Noah on Dustin wanting him to read the lines: "It was interesting also going through the rushes when I was cutting it, because often, there'd be you saying 'You say it' off camera." Photo: Anne-Katrin Titze
He continues talking about his process.
NB: If I have the script in a way that I feel like it feels right to me, I'm more interested in seeing the actor find their way through what I have written. It doesn't mean we won't change little things here and there. If it's cast right, even if they're not fitting exactly right away, you have to stay with what's been written to find it - rather than scrap it and try and re-write the dialogue. Did you find that when we worked together?
DH: When we worked together, it was only the second time in 50 years, for me, that I worked with a director who - you want an honest answer?
DH: … where the director wanted me to say every single word that was on the page. The last time I had been asked to do that was The Graduate. And the script supervisor would come up to me after a take and say, "That’s not a period, those are three dots." And your script supervisor did the same fucking thing!
Hoffman prefers that the authors and directors read the lines to him.
DH: I like authors to read it in fact in front of me.
Welcome to the Tribeca Film Festival at the BMCC Tribeca Performing Arts Center Photo: Anne-Katrin Titze
NB: You would do that. You'd say "You do it!" And then I would do it, which put pressure on me, because I would have to get it kind of right. Sometimes I'd be off, also. Because I can't say it a lot of times the way I'd written it. I can maybe kind of approximate it. It was interesting also going through the rushes when I was cutting it, because often, there'd be you saying "You say it" off camera.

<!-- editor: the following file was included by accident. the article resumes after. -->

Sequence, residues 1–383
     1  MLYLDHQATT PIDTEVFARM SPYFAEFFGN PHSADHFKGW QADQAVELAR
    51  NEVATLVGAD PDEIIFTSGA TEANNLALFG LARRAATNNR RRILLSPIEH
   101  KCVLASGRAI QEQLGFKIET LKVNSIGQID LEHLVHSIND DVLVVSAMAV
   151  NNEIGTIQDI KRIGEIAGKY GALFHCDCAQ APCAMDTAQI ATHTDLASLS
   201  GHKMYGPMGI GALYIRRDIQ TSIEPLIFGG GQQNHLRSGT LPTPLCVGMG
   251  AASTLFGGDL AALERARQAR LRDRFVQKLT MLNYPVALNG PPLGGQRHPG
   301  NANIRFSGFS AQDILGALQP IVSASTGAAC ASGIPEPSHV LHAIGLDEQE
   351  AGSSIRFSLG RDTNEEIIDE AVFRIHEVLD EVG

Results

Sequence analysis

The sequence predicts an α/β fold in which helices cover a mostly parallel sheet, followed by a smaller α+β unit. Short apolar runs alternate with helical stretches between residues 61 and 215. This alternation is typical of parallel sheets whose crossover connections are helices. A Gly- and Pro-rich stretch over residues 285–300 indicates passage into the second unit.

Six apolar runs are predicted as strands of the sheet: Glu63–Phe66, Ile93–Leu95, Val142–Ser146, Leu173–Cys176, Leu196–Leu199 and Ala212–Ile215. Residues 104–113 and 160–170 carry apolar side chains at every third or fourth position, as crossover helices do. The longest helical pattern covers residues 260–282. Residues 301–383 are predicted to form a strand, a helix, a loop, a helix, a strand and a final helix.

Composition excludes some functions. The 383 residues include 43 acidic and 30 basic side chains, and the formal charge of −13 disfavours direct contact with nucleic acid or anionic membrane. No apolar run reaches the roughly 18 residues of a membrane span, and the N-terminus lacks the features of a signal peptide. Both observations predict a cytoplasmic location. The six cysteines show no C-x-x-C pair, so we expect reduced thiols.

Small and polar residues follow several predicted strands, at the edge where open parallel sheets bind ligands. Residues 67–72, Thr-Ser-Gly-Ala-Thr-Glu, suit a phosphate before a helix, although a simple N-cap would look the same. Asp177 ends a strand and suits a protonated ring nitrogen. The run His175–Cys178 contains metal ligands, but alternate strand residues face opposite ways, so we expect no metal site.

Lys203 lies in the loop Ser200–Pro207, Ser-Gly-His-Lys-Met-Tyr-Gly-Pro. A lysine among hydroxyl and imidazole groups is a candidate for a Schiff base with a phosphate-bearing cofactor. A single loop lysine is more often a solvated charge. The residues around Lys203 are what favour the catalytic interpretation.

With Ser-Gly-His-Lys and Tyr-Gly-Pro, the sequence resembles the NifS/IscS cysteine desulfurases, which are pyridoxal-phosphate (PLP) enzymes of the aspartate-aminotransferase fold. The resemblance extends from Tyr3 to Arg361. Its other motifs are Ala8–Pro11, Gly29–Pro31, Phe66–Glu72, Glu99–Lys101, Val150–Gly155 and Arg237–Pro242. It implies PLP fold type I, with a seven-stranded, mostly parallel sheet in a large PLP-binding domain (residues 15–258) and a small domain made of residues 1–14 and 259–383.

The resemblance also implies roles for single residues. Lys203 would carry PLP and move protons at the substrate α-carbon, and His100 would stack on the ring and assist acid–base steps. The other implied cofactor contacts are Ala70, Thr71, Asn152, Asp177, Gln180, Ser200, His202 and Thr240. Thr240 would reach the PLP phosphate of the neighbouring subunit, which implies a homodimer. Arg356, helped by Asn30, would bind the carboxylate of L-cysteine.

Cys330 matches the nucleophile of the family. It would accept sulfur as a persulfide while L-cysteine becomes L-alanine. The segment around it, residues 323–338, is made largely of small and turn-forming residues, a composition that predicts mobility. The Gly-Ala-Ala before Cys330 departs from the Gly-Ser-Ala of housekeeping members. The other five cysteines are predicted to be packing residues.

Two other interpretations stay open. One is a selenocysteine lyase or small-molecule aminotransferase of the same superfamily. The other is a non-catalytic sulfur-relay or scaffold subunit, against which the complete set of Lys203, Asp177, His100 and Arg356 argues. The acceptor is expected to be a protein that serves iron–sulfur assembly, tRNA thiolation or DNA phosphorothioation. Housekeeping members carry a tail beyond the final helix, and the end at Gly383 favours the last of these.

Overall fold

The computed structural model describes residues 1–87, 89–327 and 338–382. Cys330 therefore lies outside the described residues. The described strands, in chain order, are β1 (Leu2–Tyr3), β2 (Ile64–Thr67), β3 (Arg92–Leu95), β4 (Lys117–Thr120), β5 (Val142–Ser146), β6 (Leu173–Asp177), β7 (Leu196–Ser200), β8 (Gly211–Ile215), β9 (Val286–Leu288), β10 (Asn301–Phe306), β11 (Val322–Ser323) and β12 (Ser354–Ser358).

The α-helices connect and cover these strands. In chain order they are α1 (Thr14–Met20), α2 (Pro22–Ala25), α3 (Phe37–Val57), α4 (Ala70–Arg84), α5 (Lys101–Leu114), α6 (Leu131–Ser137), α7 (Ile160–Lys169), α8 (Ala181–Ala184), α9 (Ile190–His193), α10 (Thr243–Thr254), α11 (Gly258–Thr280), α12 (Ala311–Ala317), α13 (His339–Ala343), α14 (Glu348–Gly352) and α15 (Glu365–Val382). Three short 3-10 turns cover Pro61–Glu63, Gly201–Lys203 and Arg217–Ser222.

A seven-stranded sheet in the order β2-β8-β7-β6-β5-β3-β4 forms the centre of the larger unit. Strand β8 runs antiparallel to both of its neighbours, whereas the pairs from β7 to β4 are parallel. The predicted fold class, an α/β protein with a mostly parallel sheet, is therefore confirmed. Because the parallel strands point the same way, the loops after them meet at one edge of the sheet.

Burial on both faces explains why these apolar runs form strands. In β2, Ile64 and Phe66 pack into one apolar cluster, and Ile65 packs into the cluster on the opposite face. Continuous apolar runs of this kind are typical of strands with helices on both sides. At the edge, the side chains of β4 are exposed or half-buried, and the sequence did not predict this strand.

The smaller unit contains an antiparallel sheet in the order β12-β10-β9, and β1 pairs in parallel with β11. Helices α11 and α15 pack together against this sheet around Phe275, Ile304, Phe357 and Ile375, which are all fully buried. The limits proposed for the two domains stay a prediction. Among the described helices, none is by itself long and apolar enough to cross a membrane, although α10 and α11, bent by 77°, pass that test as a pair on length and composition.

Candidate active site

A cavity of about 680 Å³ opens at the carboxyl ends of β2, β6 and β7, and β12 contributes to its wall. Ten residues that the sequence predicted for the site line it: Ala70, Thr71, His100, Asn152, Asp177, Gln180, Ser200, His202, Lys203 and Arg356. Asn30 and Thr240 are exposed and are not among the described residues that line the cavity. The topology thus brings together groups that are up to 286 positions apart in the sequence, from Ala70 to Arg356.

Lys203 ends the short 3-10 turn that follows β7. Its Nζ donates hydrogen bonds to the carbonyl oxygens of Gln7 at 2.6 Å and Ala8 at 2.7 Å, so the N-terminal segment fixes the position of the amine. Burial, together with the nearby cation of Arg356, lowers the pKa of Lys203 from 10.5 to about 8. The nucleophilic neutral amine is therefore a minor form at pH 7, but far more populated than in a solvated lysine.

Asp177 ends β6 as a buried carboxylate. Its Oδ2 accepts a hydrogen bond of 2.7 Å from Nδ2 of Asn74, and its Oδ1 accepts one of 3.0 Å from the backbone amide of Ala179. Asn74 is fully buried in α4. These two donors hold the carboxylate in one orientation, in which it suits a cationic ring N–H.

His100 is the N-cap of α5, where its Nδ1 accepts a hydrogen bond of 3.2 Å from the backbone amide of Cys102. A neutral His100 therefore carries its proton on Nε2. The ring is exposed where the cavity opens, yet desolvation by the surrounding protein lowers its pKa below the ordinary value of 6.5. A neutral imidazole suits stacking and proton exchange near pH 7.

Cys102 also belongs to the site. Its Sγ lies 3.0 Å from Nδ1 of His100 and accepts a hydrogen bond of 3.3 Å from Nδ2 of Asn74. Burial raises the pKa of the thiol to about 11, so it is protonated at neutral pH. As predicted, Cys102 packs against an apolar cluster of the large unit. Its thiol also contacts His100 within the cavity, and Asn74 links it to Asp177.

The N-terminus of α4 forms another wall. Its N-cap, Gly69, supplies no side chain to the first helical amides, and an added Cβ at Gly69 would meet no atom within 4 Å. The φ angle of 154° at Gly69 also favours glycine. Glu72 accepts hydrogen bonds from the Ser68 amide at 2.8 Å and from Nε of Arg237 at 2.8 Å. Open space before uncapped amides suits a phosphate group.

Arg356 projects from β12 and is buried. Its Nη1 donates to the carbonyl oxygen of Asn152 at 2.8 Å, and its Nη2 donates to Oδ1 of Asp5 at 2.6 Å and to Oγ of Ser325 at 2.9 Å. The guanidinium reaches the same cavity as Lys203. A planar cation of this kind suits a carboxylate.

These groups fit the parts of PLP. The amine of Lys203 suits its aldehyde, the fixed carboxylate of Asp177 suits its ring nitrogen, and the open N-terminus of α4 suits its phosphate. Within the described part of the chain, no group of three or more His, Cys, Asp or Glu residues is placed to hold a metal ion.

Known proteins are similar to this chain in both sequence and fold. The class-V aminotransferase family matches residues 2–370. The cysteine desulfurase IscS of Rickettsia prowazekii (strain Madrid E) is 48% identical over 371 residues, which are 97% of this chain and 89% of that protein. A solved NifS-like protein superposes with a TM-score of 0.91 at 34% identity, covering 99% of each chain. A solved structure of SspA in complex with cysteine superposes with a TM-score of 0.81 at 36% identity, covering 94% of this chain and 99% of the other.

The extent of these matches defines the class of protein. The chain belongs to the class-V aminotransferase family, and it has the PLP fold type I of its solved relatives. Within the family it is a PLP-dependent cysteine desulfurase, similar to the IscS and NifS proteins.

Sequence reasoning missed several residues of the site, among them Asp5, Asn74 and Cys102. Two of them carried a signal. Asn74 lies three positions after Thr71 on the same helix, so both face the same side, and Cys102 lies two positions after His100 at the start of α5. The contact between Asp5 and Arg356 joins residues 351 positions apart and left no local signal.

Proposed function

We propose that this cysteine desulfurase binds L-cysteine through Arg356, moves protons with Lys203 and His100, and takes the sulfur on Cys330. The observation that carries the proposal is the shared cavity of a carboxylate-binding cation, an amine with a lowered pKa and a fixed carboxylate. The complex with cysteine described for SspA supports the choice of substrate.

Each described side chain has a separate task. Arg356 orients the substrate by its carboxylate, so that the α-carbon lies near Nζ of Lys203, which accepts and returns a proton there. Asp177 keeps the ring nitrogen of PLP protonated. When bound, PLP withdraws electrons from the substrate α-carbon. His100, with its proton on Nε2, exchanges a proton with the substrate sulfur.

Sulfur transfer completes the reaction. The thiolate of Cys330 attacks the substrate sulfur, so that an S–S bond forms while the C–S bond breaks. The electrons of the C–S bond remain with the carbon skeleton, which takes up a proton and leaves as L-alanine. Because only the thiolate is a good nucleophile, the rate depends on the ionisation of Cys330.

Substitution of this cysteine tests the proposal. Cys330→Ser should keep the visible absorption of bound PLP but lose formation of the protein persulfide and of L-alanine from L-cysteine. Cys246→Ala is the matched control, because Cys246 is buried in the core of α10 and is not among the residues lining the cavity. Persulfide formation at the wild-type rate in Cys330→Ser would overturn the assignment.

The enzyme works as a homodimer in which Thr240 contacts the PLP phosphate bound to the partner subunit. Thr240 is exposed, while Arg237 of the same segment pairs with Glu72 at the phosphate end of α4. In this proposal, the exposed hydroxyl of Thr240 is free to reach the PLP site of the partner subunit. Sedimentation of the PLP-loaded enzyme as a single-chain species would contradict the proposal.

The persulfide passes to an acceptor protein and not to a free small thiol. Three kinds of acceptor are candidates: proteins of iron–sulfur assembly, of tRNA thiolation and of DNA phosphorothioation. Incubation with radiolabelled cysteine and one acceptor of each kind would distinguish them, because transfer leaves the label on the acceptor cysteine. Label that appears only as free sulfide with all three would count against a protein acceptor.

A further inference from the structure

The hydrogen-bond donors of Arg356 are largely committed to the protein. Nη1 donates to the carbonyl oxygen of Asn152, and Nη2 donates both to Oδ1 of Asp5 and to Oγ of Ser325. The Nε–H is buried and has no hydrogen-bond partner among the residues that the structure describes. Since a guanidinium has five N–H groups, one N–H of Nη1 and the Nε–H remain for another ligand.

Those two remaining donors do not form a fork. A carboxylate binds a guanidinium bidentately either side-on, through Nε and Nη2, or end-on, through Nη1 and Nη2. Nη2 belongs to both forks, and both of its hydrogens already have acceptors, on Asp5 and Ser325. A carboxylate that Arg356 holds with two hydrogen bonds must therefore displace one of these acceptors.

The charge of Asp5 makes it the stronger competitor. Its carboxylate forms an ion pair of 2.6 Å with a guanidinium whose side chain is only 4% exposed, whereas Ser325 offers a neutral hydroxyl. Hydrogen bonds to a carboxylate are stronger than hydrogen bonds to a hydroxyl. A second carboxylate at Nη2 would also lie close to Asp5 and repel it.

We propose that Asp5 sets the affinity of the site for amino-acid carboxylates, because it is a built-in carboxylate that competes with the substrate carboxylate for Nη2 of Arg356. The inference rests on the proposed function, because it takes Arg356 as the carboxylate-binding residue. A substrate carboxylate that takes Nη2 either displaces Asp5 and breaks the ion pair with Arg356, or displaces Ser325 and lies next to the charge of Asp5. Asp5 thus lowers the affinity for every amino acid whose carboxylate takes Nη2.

And you'd hear me kind of trying to do it and shout it. And then you would do it and often your first reading would be maybe like a very good imitation of what I just did. And then your second reading would somehow come out of you and would be very personal. It would be what I wanted more than what I could do for you.
They talked about editing and choices of what you see and what you hear.
NB: Sometimes you remember the line better if you use the person listening. The line becomes more memorable coming from the person talking because of the person listening. Even though you think you need to see the person talking. I find that stuff fascinating. I love editing because you're playing around with that. A lot of it is feel.
Dustin Hoffman on Benjamin Braddock in The Graduate: "Maybe one of the most courageous things a director in films has ever done was to cast me as this Robert Redford part." Photo: Anne-Katrin Titze
DH: I've often wanted - but there's never time though - I wanted a director to take a scene that we've done, and he or she is satisfied with, and suddenly say, "Now let's do the scene and no one says a word. Say it silently and the other one knows it's their turn to talk. Because once you get into the cutting room, you may want a lot of those unspoken ones.
NB: If I did 41 takes, we would have done that.
Hoffman recalls The Graduate and his director Mike Nichols.
DH: He was coming from a very personal place, which I didn't know, until I read in an interview he did years later that I was an alter ego and why he cast me. Maybe one of the most courageous things a director in films has ever done was to cast me as this Robert Redford part. You know, Benjamin Braddock, six feet tall, blond hair - that's what was written in the novel. And he went the other way.
NB: Mike always knew what everything was about. He said it's about a guy who saves himself through madness. I thought that was a beautiful way to describe this movie but also it's a good way to talk about the psychology of a character put into action in a movie.
In closing -
DH: When 9/11 happened, I was living on 74th Street. My kids were at NYU, I said get out, get out. They got cabs with about eight people in it. Another kid, who was at Columbia or Barnard [where my class was waiting for me that morning], she walked all the way back to the house and we got all these requests from parents whose kids were there but they weren't there.
And we took them all out of the city. No one knew what was going to happen. And it was Robert De Niro, who, I think, within two weeks said "We are going to have something called Tribeca" and he started this in the wake of that.
The 16th edition of the Tribeca Film Festival presented by AT&T runs through April 30.